Keywords: Spatiotemporal growth models,Benthamite vs Millian social welfare functions,imperfect altruism,diffusion,dynamic programming in infinite dimension
    Date: 2020–02–07
  6. By: Cem Özgüzel (Université Paris 1 Panthéon-Sorbonne)
    Abstract: Spatial inequalities in Turkey are a source of considerable policy concern. In this paper, I estimate agglomeration effects for Turkish provinces to shed light on the origins of spatial inequality in productivity and provide evidence from a developing country context which literature needs. I use social security data, an administrative dataset recently made available at the NUTS-3 level, for 81 provinces of Turkey for the period 2008-2013 and carry out a twostep estimation. I use a variety of panel data techniques and historical instruments to deal with estimation concerns. I estimate an elasticity of labor productivity with respect to the density of 0.056-0.06, which is higher than in developed countries and around the levels observed in developing countries. Contrasting the evidence coming from developed countries, I find weak effects for sorting of workers across Turkish provinces based on observable characteristics.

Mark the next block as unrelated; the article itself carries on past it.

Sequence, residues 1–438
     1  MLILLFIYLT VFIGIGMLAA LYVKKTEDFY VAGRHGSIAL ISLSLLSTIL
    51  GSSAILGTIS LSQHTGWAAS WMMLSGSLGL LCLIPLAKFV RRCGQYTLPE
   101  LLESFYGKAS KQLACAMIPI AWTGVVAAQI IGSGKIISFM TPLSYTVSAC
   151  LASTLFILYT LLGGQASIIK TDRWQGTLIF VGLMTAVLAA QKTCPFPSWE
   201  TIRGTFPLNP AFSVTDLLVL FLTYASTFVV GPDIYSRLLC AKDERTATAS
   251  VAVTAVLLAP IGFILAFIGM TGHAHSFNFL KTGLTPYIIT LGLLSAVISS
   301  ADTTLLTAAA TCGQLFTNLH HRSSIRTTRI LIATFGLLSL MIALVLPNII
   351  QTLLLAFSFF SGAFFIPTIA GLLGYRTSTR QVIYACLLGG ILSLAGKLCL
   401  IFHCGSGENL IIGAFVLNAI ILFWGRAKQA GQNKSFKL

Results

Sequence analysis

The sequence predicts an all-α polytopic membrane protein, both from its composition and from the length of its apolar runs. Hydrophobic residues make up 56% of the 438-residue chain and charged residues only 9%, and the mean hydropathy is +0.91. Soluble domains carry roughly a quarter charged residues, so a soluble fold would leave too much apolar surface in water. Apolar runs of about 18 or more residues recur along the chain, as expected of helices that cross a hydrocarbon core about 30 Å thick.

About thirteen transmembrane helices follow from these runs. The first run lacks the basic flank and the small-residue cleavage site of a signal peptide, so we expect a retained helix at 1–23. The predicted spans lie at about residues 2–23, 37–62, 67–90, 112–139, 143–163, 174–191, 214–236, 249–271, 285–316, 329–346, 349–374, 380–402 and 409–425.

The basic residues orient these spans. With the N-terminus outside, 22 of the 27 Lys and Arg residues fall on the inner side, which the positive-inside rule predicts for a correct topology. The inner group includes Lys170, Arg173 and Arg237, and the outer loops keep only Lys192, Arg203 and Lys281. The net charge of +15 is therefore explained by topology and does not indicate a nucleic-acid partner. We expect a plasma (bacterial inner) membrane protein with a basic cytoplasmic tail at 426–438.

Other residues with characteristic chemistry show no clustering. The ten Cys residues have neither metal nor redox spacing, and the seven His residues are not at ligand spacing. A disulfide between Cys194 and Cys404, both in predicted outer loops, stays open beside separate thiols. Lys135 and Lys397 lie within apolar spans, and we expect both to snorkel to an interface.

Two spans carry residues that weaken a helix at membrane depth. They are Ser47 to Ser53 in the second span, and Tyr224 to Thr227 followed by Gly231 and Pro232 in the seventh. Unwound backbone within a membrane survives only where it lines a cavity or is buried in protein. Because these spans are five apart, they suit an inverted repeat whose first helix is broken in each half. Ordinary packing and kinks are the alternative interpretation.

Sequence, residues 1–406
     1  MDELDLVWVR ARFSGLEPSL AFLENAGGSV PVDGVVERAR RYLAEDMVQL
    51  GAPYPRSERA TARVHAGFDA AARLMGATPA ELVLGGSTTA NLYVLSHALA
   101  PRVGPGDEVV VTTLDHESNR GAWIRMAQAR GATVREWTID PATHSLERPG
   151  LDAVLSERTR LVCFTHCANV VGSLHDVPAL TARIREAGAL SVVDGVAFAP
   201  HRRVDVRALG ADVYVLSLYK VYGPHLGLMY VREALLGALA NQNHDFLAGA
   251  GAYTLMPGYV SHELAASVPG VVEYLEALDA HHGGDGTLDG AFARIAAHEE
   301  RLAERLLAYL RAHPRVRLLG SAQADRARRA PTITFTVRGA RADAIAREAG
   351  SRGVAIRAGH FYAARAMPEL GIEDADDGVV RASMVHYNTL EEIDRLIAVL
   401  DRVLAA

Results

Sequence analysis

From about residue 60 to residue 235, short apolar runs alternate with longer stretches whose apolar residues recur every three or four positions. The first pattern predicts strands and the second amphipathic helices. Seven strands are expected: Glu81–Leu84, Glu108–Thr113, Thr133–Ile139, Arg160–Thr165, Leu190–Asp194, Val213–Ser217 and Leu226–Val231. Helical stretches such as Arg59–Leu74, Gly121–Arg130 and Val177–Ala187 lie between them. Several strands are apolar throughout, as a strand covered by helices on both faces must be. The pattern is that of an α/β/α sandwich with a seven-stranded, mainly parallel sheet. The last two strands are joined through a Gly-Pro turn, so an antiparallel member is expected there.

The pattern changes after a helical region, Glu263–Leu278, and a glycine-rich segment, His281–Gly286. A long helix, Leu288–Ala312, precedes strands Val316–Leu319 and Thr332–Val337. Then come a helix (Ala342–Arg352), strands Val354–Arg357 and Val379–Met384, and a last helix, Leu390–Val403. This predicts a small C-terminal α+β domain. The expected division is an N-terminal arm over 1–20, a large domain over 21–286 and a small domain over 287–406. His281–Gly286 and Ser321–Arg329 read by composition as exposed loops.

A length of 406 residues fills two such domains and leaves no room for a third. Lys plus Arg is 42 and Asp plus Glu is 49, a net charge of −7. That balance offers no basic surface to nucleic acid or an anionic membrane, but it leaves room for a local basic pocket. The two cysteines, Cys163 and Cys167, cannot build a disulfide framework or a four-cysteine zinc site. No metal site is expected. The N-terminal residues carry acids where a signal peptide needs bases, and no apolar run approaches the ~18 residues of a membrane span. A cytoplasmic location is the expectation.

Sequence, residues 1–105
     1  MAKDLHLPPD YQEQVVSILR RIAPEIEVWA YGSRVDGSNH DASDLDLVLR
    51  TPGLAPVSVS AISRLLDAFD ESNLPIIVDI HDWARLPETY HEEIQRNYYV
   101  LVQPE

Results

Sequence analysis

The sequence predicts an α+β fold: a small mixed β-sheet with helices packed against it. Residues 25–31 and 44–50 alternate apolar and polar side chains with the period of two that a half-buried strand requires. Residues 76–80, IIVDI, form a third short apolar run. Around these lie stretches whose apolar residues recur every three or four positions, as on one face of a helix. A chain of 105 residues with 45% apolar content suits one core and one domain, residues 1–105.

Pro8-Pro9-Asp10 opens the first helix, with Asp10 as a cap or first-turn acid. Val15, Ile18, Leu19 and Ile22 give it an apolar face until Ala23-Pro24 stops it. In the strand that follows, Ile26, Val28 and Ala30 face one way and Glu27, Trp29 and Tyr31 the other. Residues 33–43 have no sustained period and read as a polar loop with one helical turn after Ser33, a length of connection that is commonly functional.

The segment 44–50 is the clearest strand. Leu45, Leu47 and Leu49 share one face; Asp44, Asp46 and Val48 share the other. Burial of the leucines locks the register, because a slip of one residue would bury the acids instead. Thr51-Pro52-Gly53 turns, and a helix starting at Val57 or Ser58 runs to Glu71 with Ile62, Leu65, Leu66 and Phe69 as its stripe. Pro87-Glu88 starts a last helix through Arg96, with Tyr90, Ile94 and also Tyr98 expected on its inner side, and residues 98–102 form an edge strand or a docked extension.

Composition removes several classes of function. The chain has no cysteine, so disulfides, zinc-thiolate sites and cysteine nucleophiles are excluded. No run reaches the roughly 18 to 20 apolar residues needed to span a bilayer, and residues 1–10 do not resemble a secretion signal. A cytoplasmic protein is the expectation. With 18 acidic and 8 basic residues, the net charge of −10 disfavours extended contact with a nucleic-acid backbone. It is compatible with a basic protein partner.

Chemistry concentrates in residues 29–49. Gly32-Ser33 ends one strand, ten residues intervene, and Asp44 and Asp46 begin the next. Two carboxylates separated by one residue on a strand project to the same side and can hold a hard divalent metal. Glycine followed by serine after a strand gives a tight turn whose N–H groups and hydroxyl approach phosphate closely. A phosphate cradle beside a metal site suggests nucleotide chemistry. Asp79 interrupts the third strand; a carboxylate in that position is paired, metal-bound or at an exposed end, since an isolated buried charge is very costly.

Date: 2019–08–20
  7. By: Heng Chen; Matthew Strathearn
    Abstract: This research aims to empirically analyze the spatial distribution of bank-branch networks in Canada. We study the market structure (both industrial and geographic concentrations) within the networks’ own or adjacent postal areas. Our empirical framework considers branch density (the ratio of the total number of branches to the area size) by employing a spatial two-way fixed-effects model. Our main finding is that there are no effects associated with market structure; however, there are strong spatial socioeconomic effects from the networks' own and nearby areas. In addition, we also study the effect of spatial competition from rival banks: we find that large banks and small banks tend to avoid markets dominated by their competitors.